The brief break from the rain isn’t going to last.
It looks like another good soaking is on the way Saturday night and possibly early Sunday morning.
“We could see large hail, damaging winds, isolated tornadoes and numerous lightning strikes,” said National Weather Service meteorologist Jennifer Dunn. “And of course there is the risk of flash floods pretty much everywhere.”
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The Storm Prediction Center has said there is a slight risk for severe weather across the DFW area with an enhanced risk for Wichita Falls and areas along the Red River.
Gov. Greg Abbott on Friday amended an earlier disaster declaration to add six counties, including Wise and Hood, because of damage caused by the severe weather that began on May 4. The previous disaster declaration for seven counties included Denton, Montague and Van Zandt, where two people were killed when a tornado touched down in Van on Sunday. The declaration authorizes further mobilization of state resources to assist communities affected by the storms.
There was good news and bad news from the Texas Parks & Wildlife Department Friday: Lakes at many state parks are filling up, but parts of some parks are inaccessible because of flooding. For example, at Dinosaur Valley State Park, hike-in sites are closed and the dinosaur tracks are not visible. And at Lake Ray Roberts, the water level is 71/2 feet about normal and most park facilities are closed.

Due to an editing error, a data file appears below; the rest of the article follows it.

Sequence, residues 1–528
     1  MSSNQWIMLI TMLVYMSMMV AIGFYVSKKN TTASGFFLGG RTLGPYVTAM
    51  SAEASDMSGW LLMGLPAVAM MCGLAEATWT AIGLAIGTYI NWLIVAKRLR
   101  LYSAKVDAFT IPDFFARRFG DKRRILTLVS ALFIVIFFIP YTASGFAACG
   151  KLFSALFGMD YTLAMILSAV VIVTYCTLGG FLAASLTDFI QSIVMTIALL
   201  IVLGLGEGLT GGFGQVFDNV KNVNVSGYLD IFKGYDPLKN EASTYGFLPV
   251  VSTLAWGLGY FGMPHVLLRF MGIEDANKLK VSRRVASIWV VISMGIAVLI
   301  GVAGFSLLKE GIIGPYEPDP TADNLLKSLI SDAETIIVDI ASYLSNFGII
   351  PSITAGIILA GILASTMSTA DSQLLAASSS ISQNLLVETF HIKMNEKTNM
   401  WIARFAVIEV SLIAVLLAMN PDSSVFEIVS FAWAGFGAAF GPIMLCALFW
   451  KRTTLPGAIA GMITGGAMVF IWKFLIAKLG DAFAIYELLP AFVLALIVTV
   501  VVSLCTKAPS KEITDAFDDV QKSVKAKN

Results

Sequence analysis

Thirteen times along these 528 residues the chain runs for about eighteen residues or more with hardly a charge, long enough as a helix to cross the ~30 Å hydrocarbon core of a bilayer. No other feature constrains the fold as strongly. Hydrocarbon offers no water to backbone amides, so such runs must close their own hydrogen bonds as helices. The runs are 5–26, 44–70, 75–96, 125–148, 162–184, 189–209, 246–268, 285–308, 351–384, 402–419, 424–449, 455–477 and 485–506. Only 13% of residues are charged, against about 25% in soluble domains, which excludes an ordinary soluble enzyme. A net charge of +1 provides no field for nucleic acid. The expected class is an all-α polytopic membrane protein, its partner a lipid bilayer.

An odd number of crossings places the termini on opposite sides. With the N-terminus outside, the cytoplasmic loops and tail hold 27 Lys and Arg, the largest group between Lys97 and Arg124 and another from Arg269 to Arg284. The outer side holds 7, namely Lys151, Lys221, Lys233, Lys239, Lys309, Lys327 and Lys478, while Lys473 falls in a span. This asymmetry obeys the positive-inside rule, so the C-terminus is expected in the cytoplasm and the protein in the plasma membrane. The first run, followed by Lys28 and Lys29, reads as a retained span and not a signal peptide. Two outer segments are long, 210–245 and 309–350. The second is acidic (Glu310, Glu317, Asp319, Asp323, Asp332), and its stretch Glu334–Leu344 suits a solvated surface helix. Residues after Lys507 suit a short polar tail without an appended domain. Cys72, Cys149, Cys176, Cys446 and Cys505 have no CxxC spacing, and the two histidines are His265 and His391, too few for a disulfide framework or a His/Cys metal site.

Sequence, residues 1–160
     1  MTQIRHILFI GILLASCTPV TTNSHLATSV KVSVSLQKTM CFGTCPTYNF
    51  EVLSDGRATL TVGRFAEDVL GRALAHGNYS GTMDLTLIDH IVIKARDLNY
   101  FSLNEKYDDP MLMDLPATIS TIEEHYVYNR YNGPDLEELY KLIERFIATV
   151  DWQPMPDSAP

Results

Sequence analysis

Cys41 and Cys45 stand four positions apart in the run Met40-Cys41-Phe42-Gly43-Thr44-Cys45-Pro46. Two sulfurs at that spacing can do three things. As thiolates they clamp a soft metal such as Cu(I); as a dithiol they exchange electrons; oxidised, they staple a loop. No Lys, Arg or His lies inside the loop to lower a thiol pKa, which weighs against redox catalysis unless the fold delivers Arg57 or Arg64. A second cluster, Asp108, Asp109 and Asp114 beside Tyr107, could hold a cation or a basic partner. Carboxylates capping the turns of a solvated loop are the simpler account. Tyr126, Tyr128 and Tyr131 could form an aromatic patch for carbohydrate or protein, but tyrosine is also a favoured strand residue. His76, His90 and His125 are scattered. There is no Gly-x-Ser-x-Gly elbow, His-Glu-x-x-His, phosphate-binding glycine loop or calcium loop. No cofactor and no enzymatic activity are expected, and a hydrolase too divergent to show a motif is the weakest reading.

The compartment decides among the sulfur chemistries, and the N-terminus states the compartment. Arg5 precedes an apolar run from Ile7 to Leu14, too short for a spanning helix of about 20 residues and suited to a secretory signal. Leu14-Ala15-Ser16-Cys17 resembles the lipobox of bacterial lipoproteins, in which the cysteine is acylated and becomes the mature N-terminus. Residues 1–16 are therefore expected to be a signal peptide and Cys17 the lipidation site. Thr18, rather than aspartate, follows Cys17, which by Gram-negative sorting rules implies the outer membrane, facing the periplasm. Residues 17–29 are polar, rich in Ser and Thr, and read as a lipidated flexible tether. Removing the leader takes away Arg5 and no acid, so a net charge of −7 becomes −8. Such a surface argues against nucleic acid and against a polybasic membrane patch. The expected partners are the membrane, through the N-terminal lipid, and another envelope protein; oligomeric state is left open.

However, at Possum Kingdom State Park, lake levels are 5 feet below the “conservation pool” and rising. The public boat ramp, fishing pier and swim beach are accessible and open.
Most of North Texas is expected to get 1-2 inches of rain this weekend with some areas receiving up to 3 inches.
Dunn said most of the severe weather should occur between Saturday night and early Sunday. But forecasters will be watching to see if any storms linger in the area, which could produce higher amounts of rainfall.
Any significant rain would put us past last year’s total. At Dallas/Fort worth Airport, 19.28 inches of rain has fallen this year, which is 5.69 inches above normal and just 2.04 inches behind all of last year.
Bill Hanna, 817-390-7698